For vehicles, EPA proposes to lower the fleet average standard for tailpipe emissions by light-duty vehicles of nonmethane organic gases (NMOG) and nitrogen oxides (NOX) by about 80% from current levels. It would cut allowable particulate matter (PM) emissions by about 60% per light-duty vehicle.
Proposed heavy-duty tailpipe standards represent reductions of about 60% for fleet average NMOG+NOX and per-vehicle PM. The proposal would extend the regulatory useful life period during which standards apply to 150,000 miles from 120,000 miles.
Tailpipe standards would phase in on schedules varying by vehicle class but generally would take effect between model years 2017 and 2025.
For fuel vapor-related evaporative emissions, EPA proposes about a 50% reduction for all light-duty and onroad gasoline-powered heavy-duty vehicles. The regulatory useful-life period during which the standards apply would increase as proposed for tailpipe standards.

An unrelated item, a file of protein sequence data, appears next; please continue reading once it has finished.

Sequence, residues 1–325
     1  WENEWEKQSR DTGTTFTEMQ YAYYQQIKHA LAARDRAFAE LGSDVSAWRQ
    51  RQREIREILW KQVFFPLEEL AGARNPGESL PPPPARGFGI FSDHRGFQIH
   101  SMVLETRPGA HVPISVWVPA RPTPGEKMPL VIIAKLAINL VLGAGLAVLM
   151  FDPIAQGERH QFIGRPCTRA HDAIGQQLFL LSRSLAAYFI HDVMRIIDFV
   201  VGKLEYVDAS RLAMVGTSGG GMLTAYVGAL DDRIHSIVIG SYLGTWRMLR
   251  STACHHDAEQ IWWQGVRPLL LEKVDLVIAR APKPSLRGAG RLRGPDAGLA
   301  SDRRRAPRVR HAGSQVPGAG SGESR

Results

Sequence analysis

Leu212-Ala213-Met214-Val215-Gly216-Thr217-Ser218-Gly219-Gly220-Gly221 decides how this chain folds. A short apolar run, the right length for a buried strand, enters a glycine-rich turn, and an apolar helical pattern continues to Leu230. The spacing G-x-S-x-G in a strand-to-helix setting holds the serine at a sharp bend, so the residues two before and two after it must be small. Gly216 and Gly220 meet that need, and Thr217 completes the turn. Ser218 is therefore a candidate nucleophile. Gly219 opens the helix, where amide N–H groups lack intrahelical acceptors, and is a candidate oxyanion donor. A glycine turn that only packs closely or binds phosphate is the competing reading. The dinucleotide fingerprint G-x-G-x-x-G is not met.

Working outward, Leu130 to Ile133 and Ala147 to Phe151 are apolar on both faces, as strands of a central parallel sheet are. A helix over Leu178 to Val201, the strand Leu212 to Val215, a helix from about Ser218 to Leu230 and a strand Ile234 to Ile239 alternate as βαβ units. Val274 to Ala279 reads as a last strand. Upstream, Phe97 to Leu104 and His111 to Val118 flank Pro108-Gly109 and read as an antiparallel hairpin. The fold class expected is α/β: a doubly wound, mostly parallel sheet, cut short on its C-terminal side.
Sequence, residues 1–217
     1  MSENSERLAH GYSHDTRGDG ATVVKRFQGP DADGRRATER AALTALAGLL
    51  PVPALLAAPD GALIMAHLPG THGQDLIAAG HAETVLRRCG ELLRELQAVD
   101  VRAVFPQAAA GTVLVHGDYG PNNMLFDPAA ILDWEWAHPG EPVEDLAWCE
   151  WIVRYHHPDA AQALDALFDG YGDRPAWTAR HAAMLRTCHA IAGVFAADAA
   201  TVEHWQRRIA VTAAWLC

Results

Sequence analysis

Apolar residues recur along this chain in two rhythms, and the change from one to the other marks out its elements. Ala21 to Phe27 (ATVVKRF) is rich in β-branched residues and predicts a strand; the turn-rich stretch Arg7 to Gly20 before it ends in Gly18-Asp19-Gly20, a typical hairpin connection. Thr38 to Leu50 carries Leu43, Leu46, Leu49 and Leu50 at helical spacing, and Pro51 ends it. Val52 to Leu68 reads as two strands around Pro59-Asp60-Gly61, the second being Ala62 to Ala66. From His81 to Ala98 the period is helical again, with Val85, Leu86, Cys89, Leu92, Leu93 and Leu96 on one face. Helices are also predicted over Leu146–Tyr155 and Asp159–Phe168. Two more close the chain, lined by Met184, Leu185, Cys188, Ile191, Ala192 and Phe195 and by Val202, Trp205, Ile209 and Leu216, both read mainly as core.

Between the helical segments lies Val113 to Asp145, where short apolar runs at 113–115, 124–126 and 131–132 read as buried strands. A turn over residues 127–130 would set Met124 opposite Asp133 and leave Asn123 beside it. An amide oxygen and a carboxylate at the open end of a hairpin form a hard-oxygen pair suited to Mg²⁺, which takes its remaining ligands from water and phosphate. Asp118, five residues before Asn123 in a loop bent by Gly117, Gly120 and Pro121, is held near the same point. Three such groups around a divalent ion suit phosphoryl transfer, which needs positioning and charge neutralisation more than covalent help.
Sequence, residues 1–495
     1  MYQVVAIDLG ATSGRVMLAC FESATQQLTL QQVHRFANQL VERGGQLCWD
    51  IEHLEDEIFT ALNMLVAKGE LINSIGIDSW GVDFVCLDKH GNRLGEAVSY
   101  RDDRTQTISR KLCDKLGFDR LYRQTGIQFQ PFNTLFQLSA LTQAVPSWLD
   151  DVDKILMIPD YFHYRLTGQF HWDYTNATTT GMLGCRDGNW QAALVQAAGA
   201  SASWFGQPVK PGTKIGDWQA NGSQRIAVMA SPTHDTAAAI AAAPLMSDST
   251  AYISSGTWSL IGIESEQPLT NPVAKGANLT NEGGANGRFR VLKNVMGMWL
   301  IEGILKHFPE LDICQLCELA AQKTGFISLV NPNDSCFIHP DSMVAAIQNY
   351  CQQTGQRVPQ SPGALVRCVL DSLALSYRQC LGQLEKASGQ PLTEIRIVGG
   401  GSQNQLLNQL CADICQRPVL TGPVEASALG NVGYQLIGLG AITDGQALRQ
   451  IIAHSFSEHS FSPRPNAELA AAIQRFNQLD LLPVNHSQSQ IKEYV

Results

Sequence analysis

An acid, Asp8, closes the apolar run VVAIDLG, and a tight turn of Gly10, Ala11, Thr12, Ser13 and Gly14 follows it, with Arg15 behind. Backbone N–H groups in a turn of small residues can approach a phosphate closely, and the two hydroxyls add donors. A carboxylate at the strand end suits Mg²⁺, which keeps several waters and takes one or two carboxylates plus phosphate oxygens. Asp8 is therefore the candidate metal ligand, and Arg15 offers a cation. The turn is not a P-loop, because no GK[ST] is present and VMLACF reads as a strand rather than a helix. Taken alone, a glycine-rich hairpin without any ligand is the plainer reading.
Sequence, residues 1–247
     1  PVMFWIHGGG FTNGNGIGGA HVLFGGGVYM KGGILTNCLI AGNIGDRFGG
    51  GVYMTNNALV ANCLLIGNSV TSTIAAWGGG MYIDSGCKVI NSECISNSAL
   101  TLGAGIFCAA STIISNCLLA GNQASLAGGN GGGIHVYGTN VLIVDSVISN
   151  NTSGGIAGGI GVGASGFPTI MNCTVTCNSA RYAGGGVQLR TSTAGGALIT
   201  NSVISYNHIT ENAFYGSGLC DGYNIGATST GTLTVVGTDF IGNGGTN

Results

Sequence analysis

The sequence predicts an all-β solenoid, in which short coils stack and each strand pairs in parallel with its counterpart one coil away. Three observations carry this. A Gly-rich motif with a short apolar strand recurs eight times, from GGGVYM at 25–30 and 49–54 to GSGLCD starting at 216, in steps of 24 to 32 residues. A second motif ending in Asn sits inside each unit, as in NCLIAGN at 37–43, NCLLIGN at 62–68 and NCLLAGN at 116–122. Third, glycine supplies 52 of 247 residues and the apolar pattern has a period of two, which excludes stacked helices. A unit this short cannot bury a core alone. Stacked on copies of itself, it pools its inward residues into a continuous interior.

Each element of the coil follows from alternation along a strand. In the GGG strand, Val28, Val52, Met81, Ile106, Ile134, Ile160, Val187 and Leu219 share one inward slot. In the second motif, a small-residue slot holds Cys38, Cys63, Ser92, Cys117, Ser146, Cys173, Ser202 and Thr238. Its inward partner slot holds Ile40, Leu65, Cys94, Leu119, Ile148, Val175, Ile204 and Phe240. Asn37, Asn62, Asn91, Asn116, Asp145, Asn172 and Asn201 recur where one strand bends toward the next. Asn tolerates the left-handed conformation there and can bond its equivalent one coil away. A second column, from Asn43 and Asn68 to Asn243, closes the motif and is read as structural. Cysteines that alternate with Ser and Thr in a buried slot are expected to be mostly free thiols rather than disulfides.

Lowering sulfur-content limits for gasoline mainly will require refiners to add hydrotreating capacity upstream and downstream of fluid catalytic crackers. The new capacity will require new inputs of hydrogen, which some refiners might have available in sufficient quantity from onsite steam methane reformers and catalytic reformers and others would have to purchase.
In a March 2012 study for the American Petroleum Institute, Baker & O’Brien Inc. predicted refinery hardware changes necessitated by a lowering of gasoline sulfur with no accompanying change in volatility standards.
Such a change, it concluded, would require one new FCC feed hydrotreater and 13 new FCC gasoline hydrotreaters in the US. It also would require revamps and expansions to 23 FCC feed hydrotreaters and 33 FCC gasoline hydrotreaters, requiring total investment of $9.766 billion.
Baker & O’Brien foresaw no refinery closures associated with a sulfur-only regulatory tightening. The annualized increase in net hydrogen purchases in that case would be 129 MMscfd (calendar).
In an earlier study, the consultancy examined a range of possible regulatory changes for gasoline involving both sulfur-content and volatility reductions. That study projected the closure of four to seven refineries, the higher number resulting from assumption of a 5 ppm sulfur cap and summertime 7 ppm rvp limit. In that case, Baker & O’Brien projected investment required for compliance totaling $17.343 billion.